"A new social culture where corruption is met with public disgust”Society
Ulaanbaatar /MONTSAME/. Mongolians say “Autumn arrives the day after Naadam holiday,” which is usually interpreted as a lot of work await us ahead. Among them is a decision made at the cabinet’s irregular meeting that incorporates a significant goal. On July 16, 2021, the government established a working group responsible for eliminating corruption, cutting "red tape" and improving corruption index scores. Minister of Justice and Internal Affairs Kh.Nyambaatar will head the working group, and was charged with developing a plan with intensives measures in this regards.
Transparency International, the global civil society organization headquartered in Berlin, Germany, which ranks 180 countries and territories by their levels of public sector corruption according to experts and businesspeople, announced, the Corruption Perception Index for 2020 on January 28, showing the overall 35 points out of 100 for Mongolia in 2020, placing the country at 111th out of 180 countries.
Compared to the previous year, Mongolia’s rating dropped by five places due to factors such as bribery and abuse of functions by public sector officials as well as increasing bureaucratic corruption faced by businesspeople to maintain their operations and establish contracts and agreements, the study shows. A clear example of bureaucratic corruption in public services would be the recent problems that surfaced at the Zamiin-Uud border checkpoint due to the unsuccessful implementation of government decisions at the primary and mid level.
The working group aims to eliminate corruption and improve the corruption index of Mongolia within next two years to bring Mongolia’s rating into the first 100s, while the regulatory framework – the underlying factor causing the bureaucratic corruption will be improved, and the digital transition of services will be accelerated.
At the first meeting of the working group that was held on July 19, Prime Minister L.Oyun-Erdene said, "There have been various achievements and challenges in the past three decades. Among the failures are corruption and briberies in government organizations, which greatly affects the quality of life for the population and hinders the process in creating the middle class. Despite many achievements made in combatting against corruption, there is still room for improvement. Therefore, the working group has been established to take a wide range of measures aimed at eliminating the corruption in its soil.”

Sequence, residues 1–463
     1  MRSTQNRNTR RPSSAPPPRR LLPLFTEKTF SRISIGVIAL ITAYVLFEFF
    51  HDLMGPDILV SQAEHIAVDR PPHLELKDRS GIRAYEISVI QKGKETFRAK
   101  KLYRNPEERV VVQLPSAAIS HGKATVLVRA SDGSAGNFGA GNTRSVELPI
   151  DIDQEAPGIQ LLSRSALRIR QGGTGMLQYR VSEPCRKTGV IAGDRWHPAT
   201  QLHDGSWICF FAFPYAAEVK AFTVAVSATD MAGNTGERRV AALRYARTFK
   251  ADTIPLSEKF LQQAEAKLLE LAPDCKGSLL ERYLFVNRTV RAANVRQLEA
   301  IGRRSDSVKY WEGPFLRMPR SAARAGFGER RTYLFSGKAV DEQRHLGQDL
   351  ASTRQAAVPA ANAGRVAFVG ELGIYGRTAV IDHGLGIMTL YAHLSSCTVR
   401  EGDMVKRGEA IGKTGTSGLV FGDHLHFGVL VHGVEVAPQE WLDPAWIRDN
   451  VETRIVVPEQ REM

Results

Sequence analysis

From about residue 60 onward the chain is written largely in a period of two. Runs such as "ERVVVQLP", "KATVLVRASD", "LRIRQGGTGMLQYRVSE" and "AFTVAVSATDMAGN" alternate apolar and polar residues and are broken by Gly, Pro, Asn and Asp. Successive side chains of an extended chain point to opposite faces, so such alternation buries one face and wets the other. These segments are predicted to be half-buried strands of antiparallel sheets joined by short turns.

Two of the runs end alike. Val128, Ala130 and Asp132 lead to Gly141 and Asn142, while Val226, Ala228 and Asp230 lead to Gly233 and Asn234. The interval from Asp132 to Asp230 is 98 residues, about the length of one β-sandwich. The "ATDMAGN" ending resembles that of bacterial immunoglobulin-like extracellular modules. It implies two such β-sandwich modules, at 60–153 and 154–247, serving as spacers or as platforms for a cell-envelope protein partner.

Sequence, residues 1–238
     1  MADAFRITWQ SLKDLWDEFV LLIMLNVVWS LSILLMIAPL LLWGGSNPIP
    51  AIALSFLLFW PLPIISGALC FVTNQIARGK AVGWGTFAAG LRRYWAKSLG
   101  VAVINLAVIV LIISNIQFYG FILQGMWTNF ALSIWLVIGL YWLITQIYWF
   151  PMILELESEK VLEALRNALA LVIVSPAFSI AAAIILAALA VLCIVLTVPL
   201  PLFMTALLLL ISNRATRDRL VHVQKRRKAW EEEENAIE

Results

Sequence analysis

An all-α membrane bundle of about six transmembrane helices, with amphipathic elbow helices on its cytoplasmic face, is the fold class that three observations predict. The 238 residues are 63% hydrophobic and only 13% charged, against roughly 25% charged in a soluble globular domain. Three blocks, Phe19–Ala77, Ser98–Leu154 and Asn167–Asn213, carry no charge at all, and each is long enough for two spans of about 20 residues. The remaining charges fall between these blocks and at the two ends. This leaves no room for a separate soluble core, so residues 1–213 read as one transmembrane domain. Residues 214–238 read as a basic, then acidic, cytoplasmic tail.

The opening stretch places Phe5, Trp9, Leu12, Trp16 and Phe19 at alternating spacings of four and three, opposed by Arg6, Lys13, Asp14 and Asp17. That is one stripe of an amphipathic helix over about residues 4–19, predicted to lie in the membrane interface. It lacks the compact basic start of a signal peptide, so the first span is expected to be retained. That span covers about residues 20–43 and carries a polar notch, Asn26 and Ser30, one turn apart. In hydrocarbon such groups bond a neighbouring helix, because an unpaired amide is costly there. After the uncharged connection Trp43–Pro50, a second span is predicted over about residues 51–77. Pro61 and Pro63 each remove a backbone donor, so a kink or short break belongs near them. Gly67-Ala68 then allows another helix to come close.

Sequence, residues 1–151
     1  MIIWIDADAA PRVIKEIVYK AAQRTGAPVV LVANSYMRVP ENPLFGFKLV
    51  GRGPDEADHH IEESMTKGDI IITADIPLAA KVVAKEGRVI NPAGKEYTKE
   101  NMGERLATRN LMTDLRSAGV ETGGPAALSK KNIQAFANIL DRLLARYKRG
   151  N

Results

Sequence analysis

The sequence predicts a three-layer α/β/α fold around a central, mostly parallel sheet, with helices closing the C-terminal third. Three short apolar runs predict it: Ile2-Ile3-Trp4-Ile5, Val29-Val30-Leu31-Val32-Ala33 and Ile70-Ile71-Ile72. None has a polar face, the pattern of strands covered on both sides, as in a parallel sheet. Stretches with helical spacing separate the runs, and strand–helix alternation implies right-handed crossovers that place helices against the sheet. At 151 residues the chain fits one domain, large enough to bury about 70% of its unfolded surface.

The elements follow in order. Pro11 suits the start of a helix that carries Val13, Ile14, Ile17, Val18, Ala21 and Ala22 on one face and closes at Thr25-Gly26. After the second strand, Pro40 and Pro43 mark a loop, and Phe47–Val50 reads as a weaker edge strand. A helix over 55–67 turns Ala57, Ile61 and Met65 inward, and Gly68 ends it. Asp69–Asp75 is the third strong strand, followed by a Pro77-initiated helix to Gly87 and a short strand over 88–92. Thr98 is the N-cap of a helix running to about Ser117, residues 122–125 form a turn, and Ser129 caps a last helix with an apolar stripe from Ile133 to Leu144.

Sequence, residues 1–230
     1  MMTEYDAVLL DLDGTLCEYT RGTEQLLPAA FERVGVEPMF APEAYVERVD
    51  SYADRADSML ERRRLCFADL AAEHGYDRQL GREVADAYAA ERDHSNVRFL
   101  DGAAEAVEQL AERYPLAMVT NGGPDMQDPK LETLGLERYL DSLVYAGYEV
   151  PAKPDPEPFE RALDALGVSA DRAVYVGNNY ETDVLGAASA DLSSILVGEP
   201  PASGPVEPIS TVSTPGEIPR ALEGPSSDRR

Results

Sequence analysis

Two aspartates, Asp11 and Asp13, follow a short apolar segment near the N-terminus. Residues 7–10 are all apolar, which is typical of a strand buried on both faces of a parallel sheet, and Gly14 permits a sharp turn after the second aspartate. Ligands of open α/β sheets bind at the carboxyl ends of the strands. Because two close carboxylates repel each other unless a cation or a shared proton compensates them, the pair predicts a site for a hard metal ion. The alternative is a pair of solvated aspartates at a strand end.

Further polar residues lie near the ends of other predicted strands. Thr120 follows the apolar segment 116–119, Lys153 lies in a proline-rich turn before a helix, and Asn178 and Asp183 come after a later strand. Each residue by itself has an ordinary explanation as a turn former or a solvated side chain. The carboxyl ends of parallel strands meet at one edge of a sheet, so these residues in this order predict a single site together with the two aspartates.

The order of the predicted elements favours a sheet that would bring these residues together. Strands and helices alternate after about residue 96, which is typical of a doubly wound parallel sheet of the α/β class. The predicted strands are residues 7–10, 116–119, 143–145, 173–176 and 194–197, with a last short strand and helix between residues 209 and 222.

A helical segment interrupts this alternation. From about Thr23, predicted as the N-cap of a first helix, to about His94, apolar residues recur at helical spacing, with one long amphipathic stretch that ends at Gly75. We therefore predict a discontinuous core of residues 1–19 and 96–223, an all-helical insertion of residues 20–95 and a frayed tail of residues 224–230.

He further continued, “In any given country, an executive branch combats the corruption. That is why the government will exert all its efforts to tackle corruption in cooperation with law enforcement and corruption agencies. A new social culture where the public is disgusted about corruption will be built within the next two years.”
Public services are tagged along with bribery and bureaucratic procedures due to the failures in implementing government decisions at the primary and mid level, as stated by the Prime Minister. “A weekly surveillance study will be conducted to identify and tackle the areas and organizations with the most corrupt mechanisms. Anti-corruption efforts must be taken by not only the parliament and law enforcement organizations, but also each and every individual of the country,” said the PM. As mentioned by him, Mongolia needs to have legislations for whistleblowers as well as the political parties' financing.
PM Oyun-Erdene also emphasized the necessity to improve legislations that are lacking in the judiciary system, to create an independent judicial system that focuses on corruption cases, and to address breaches in judicial integrity and fight nepotism in cooperation with the parliamentary standing committee on ethics. “If public sector transparency is ensured, there will be no problems concerning corruption in the private sector.” A detailed action plan will be formulated in aims of making Mongolia corruption-free.
As a reminder on what the PM has previously stated about efforts against corruption, on February 10, 2021, he assured that development projects in the country will continue as normal with proper attention given to digital transition. “Public procurement will become fully online, and a bill on transparency in the financing of political parties will be approved, helping Mongolia’s efforts to improve its rating in the corruption index. Moreover, strict adherence to the rules on income and asset disclosure will be ensured, and failure to comply will be followed by criminal penalty.”
On May 10, 2021. PM Oyun-Erdene noted, “A total of 516 public services have become digital, and more services provided by government ministries will be added. A team headed by Minister of Justice and Internal Affairs Nyambaatar will draft a bill that will enable the use of e-signature and create the regulatory environment on personal information. Also, each server being used by government organizations will be connected to private servers, which will allow each citizen to have their own unique 10-digit code, getting rid of various identification numbers, such as the numbers for registration, driver's licenses, and health insurance books. All of these steps are ultimately directed at reducing bureaucracy and corruption. Each ministry must join these efforts as their fight against corruption.” With that saying, Mongolia has begun its efforts to create a new social culture where corruption is met with public disgust.